Scotland loses one third of bank branches in eight years

The former RBS branch on John Street in Penicuik, which has now shut
The former RBS branch on John Street in Penicuik, which has now shut
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Scotland has lost over a third of its bank branches in the past eight years, a report has revealed, with Edinburgh the hardest-hit area of the country.

An investigation by consumer watchdog Which? found that there were 610 fewer banks or building societies across Scotland in 2018 compared with 2010 - slashing the total number of branches from 1,625 to 1,015.

Experts warned that the closures could see communities denied access tocash - which they said could impact people who did not use digital banking services and also create a crisi if online and card-based banking systems were to fail.

Royal Bank of Scotland closed the greatest number of branches since 2015, according to separate data collated by Which?, shutting 158 of the 399 banks that have disappeared.

It is followed by Bank of Scotland, which closed 86, Clydesdale, which shut 59 and Santander and TSB which closed 38 and 35 respectively.

Overall, Edinburgh South West was hardest hit with a massive 135 closures, cutting the network to just 30 remaining branches in 2018. This is followed by Glasgow Central, which lost 70, Edinburgh North & Leith, 65 and Edinburgh East, 45.

Meanwhile, Angus, Dundee West, Falkirk and Paisley & Renfrewshire North all lost 15 branches.

Gareth Shaw, Which? head of Money, said: “These ongoing closures could have a huge impact on communities across Scotland, stripping millions of people reliant on cash of their ability to go about their daily lives.

“Cash is also a vital backup when digital systems fail – so the UK Government must appoint a regulator to oversee these changes and ensure no-one is shut out from paying for local goods and services.”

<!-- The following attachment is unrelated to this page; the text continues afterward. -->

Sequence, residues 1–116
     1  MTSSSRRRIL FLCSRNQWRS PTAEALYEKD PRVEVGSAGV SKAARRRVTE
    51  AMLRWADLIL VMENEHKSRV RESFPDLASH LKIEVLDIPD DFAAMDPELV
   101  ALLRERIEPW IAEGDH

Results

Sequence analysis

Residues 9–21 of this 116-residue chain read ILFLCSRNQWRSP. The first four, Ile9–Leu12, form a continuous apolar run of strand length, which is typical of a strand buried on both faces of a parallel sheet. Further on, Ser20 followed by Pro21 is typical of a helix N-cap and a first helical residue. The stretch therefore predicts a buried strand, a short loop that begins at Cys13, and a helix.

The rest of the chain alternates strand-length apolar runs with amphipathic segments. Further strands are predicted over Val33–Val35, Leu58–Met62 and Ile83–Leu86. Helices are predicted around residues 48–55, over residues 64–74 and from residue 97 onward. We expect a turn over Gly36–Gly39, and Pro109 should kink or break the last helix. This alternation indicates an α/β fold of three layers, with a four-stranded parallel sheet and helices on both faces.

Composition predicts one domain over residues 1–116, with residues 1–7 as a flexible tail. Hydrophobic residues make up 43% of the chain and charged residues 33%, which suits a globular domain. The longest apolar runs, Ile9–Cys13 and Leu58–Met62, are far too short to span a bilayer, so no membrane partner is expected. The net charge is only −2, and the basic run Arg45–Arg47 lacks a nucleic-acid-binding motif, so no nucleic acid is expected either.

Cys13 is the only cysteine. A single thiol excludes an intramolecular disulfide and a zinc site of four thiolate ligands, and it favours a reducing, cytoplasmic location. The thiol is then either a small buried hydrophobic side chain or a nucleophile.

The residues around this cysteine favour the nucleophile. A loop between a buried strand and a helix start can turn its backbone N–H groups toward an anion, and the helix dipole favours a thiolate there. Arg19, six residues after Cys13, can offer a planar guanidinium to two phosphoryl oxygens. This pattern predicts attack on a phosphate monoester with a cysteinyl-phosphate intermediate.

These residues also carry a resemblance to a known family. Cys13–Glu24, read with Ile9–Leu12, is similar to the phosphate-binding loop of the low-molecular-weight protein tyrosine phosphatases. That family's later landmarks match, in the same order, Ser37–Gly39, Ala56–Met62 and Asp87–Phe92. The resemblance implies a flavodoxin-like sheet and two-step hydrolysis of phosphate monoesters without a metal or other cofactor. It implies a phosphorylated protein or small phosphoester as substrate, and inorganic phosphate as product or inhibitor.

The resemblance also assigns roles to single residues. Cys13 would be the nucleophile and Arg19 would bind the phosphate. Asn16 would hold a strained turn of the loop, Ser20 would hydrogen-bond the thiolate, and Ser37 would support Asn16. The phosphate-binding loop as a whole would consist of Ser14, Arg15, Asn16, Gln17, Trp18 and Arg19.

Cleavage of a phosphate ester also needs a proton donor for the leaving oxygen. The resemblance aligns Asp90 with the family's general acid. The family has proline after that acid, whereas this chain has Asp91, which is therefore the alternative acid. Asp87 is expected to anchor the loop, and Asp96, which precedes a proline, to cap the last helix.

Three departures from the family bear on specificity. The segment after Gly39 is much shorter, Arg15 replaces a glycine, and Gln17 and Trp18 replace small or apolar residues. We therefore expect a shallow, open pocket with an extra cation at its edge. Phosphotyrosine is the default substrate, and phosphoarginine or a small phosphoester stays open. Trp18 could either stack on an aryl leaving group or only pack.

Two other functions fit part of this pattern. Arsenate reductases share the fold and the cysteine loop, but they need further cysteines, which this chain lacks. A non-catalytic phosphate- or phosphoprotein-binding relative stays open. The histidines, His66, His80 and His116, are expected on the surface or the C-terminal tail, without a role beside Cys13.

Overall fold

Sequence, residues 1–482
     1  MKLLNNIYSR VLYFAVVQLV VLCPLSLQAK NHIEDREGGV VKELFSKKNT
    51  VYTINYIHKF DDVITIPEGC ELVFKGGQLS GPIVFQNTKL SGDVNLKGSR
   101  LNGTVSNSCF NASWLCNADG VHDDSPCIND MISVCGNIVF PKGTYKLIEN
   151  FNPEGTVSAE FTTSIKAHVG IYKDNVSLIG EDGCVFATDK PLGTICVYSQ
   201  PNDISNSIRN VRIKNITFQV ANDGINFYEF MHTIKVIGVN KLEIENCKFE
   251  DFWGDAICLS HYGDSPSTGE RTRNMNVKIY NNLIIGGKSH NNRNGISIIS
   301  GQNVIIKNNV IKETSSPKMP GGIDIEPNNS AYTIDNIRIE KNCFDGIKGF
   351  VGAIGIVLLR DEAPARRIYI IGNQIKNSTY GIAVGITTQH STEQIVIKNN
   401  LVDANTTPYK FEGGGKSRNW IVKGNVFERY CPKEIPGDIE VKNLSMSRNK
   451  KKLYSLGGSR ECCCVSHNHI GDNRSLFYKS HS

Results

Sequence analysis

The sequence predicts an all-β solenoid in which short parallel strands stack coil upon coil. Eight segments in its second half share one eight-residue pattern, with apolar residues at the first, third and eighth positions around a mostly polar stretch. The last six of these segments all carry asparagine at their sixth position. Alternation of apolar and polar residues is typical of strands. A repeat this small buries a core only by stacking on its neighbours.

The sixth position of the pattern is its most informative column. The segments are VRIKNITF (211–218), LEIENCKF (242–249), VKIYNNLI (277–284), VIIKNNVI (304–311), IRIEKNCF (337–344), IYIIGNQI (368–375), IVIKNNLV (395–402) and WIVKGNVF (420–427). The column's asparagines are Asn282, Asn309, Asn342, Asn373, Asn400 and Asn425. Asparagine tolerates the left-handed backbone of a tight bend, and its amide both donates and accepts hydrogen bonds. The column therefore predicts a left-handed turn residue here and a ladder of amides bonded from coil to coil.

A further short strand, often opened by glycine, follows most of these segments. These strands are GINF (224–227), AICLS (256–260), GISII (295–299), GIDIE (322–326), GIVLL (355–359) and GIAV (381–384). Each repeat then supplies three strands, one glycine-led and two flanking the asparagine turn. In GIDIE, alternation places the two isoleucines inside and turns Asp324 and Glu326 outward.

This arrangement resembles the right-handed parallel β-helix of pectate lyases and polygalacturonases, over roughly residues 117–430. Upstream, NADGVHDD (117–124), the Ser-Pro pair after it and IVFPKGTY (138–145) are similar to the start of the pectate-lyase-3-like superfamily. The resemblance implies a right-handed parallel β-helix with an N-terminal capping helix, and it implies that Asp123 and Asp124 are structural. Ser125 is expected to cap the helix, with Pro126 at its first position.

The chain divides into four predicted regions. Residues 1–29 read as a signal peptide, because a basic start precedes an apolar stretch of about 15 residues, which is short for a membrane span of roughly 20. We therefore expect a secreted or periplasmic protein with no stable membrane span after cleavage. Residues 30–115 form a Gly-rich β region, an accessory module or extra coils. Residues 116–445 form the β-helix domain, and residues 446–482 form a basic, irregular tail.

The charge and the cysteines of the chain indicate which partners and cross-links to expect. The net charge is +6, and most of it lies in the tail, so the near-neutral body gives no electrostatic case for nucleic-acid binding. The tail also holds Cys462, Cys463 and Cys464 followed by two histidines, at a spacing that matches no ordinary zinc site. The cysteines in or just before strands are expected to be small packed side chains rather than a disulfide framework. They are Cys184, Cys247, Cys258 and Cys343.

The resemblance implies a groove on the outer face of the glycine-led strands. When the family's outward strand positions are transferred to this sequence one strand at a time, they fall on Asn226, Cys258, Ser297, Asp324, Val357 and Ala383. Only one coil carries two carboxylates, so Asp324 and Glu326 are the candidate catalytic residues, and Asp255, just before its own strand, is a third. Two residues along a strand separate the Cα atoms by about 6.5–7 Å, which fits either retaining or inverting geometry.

Which? recently revealed that UK banks were hit by 302 IT shutdowns in the last nine months of 2018 - more than one major IT or security failure every day that prevents customers from making payments.

While digital payments are rising, cash is still a necessity for more than 25 million people across the UK. A previous Which? survey found that three quarters of people in Scotland use cash frequently, while just four percent said they rarely use this payment method.

Brian Sloan, chief executive of Age Scotland said: “Bank branches and free to use cash machines have been disappearing from communities across Scotland at an alarming rate and have a disproportionate impact on the lives of older people who use cash as a means of budgeting and rely on the face to face service offered on the High Street.

“The extraordinary push by the banks to digital services leaves behind the 500,000 people in Scotland over the age of 60 who do not use the internet. That’s the equivalent of the population of our capital city and is a staggering number of people to disenfranchise.”